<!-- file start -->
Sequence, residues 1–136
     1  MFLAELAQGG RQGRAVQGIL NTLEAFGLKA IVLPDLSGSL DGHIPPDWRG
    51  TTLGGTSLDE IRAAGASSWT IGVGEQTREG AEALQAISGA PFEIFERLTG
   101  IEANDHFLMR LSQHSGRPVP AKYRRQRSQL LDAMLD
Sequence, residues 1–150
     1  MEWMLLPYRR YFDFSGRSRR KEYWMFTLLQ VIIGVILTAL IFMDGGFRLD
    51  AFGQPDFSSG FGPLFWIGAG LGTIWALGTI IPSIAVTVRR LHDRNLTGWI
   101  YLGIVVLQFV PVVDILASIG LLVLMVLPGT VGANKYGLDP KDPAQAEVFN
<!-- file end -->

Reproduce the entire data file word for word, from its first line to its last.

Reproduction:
Sequence, residues 1–136
     1  MFLAELAQGG RQGRAVQGIL NTLEAFGLKA IVLPDLSGSL DGHIPPDWRG
    51  TTLGGTSLDE IRAAGASSWT IGVGEQTREG AEALQAISGA PFEIFERLTG
   101  IEANDHFLMR LSQHSGRPVP AKYRRQRSQL LDAMLD
Sequence, residues 1–150
     1  MEWMLLPYRR YFDFSGRSRR KEYWMFTLLQ VIIGVILTAL IFMDGGFRLD
    51  AFGQPDFSSG FGPLFWIGAG LGTIWALGTI IPSIAVTVRR LHDRNLTGWI
   101  YLGIVVLQFV PVVDILASIG LLVLMVLPGT VGANKYGLDP KDPAQAEVFN